Telstra today recorded a 1 percent slump in net profit to $4.23 billion for FY2015, reporting its first full-year results without the CSL Hong Kong mobile business.
The telco's earnings - which were in line with analyst expectations - were affected by the May 2014 sale of its stake in CSL.
"This is our first full financial year operating without the CSL Hong Kong business," CEO Andy Penn said in a statement.
"As a result, our reported income and profit numbers are impacted on a comparative basis. However, excluding the profit from sales and oepratingal impacts of CSL, our business continuied to perform strongly."
Financial year 2015 revenue, excluding finance income, grew slightly to $26.6 billion.
Telstra added 664,000 new retail mobile customers and 189,000 retail fixed broadband customers during the fiscal year.
Despite an increased investment in mobile, capital expenditure (excluding spectrum expenditure) fell by 2 percent to $3.5 billion.
Telstra attributed the lower capex to the divestments of Sensis and CSL in the year prior, as well as the transit network build which was completed in 2014.
The telco reported a 2 percent fall in fixed line revenue to $6.9 billion, and a 3 percent fall in data and IP revenue to $2.8 billion.
This was partially offset by 10.2 percent growth in mobile revenue to $10.6 billion and a 23.2 percent increase in NAS (network applications and services) revenue to $2.4 billion.
Telstra now has a total of 16.7 million customers on its mobile network.
The total number of customers on a bundled plan increased by 280,000 to 2.2 million, accounting for 71 percent of Telstra’s retail fixed data customer base.
The carrier also reported it now has 211,000 customers on the NBN, made up of 161,000 voice and data bundles, 9000 data-only and 41,000 voice-only services.
It took in $811 million from the NBN in the last financial year, up 27 percent on FY14.
The result is the first under Penn, following the retirement of former Telstra CEO David Thodey in May.
Penn has committed to investing more than $5 billion in the telco's mobile network over the next three year.
During the year, Telstra debuted its Telstra Air wi-fi network, switched on 4GX services, acquired data centre and managed services provider Pacnet, and announced a joint venture with Telkom Indonesia.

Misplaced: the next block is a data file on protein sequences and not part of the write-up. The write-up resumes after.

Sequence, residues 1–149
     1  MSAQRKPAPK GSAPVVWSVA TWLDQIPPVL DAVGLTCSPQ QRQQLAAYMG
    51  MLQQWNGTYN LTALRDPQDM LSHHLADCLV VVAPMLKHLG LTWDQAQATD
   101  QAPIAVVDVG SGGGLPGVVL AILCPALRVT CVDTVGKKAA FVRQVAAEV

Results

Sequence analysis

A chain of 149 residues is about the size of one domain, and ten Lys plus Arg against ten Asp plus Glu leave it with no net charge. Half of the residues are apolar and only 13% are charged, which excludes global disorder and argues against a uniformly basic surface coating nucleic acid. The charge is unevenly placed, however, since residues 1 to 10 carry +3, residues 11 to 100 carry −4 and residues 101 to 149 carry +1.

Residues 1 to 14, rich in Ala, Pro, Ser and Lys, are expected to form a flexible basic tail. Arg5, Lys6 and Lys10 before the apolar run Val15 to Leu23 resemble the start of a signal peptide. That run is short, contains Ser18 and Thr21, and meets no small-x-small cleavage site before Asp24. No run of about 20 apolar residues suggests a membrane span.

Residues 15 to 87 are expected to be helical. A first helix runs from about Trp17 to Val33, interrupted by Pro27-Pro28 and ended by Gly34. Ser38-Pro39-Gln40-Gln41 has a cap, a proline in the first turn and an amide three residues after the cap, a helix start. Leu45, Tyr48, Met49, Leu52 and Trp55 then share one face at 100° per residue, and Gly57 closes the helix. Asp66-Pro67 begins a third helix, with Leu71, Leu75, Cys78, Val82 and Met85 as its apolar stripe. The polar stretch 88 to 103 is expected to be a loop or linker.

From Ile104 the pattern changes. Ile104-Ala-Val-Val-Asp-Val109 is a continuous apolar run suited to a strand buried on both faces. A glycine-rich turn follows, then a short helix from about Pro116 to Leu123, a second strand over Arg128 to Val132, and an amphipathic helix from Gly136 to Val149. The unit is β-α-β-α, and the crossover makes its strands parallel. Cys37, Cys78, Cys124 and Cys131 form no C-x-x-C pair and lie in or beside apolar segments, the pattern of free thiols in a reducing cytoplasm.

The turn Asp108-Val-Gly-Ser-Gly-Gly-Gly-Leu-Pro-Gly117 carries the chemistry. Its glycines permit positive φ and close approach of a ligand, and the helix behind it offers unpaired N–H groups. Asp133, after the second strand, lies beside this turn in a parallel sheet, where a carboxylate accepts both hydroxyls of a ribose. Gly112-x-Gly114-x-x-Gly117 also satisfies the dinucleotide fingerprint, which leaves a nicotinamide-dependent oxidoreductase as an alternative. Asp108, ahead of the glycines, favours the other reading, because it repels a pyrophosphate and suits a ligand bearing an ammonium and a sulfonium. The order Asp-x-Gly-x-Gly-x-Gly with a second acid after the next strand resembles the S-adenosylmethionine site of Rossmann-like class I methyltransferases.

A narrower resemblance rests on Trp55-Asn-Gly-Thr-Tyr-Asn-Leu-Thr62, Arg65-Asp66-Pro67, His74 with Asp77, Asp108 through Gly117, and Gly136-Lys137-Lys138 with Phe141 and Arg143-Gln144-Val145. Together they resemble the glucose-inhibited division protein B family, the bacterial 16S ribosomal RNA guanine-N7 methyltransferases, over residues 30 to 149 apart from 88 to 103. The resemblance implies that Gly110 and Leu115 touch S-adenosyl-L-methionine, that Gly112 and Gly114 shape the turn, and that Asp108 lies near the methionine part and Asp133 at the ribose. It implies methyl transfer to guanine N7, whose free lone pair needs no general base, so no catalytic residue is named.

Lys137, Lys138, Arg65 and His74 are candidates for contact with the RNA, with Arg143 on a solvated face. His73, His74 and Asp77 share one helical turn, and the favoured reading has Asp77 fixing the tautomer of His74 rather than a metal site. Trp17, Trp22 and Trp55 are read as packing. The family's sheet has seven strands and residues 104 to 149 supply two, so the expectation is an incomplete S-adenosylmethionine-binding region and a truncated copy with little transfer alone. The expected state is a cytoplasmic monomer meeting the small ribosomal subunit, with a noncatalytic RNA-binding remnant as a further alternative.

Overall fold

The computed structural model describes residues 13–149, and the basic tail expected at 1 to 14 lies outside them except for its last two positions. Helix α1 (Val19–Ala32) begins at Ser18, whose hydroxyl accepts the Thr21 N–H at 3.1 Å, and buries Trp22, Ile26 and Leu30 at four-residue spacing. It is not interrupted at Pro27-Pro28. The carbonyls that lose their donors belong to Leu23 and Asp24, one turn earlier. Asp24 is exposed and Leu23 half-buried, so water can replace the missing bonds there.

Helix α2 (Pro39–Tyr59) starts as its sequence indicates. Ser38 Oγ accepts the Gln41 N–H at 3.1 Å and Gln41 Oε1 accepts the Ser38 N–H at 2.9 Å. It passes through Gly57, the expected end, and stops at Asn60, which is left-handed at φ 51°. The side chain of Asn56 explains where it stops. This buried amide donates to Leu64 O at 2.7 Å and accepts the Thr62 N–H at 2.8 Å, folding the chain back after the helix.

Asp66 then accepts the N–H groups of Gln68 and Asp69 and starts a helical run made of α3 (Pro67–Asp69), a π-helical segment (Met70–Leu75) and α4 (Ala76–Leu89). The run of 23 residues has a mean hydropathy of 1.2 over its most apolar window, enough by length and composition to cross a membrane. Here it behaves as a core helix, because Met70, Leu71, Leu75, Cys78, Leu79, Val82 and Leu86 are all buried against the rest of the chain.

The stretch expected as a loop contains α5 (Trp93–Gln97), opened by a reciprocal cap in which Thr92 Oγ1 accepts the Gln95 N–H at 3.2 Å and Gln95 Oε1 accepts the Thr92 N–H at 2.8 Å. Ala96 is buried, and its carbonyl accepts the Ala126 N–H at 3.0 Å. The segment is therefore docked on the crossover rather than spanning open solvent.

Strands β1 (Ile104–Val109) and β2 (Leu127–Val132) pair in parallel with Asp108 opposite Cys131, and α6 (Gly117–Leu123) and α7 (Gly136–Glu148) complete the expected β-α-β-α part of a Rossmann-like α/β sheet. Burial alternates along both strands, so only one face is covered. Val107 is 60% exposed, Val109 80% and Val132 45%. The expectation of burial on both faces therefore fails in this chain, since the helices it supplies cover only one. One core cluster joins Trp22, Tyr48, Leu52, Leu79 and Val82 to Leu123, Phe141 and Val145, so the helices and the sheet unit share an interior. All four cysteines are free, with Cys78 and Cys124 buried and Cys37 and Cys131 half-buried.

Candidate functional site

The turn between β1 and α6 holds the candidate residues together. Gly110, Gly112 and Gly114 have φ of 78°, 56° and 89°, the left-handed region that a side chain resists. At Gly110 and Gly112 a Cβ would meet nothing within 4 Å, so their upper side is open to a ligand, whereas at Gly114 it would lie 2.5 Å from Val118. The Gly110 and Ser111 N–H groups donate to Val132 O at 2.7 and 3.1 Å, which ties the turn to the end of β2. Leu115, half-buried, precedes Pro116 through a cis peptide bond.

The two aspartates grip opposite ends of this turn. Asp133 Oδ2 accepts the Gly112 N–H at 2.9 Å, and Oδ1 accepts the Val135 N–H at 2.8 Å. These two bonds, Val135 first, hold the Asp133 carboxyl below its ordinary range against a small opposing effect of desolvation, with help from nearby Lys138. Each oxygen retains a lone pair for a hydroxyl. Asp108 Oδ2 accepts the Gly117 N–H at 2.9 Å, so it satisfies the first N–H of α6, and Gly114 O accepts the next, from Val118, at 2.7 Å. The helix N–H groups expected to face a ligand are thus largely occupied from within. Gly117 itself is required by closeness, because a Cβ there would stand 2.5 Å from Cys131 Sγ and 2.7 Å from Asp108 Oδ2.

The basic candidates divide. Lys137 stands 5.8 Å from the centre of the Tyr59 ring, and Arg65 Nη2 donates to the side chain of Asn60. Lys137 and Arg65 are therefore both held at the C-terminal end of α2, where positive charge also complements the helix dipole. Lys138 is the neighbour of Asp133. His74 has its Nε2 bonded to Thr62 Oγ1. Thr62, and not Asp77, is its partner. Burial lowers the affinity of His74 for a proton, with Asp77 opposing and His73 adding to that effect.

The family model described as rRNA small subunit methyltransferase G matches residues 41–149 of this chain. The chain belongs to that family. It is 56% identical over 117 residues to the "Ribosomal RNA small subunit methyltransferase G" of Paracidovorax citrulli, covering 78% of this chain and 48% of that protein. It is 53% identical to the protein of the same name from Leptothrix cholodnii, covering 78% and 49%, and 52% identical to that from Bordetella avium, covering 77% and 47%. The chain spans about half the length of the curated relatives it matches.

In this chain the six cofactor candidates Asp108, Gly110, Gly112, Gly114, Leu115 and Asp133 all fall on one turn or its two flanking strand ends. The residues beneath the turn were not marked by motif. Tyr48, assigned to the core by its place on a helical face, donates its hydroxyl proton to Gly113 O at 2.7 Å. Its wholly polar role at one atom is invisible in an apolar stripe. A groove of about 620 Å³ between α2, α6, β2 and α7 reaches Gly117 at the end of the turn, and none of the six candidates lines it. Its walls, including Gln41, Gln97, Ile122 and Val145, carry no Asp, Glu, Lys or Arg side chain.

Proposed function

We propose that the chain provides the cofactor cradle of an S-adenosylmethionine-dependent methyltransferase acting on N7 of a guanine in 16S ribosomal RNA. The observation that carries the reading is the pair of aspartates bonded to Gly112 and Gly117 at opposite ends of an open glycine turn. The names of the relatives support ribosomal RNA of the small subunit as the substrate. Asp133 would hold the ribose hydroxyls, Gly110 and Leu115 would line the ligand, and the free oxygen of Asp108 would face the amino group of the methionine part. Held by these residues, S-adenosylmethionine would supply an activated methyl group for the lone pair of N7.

It also finalised its revised definitive agreements with NBN.
Shooting for "world class"
Penn said his overall strategy was to “deliver world class customer service with world class technology, driven by world class networks and delivery”.
As part of this strategy, Penn committed to increase capex to 15 percent of sales over the next financial year, improve line stability for 2.2 million ADSL customers, significantly expand the Telstra Air network in 2016, and increase exchange backhaul capacity.
He also reiterated plans to increase 4G coverage to 4.5 million square kilometres, along with the rollout of voice over LTE, LTE broadband and LTE Advanced services with speeds of up to 600 megabits per second.
“To deliver world class technology, we must have world class networks, and that’s what we will deliver,” Penn said.
On the capex implications of rolling out 5G, Penn said most industry bodies predicted 5G would roll out around 2020, and Telstra’s current network investments would put it in a strong position to make the upgrade.
During the company’s results presentation, CFO Warwick Bray warned investors the company could be adversely affected by upcoming ACCC decisions.
In particular, he said a draft determination handed down in June that would mandate a 10 percent drop in the fees it charges wholesale partners to access its fixed-line copper network would, if implemented, adversely impact Telstra’s revenues.
Another key area of concern for investors was the costs associated with transitioning customers from copper to NBN services as the rate of premises switching over accelerates.
“Over time, we’re confident these costs will go down,” Penn said.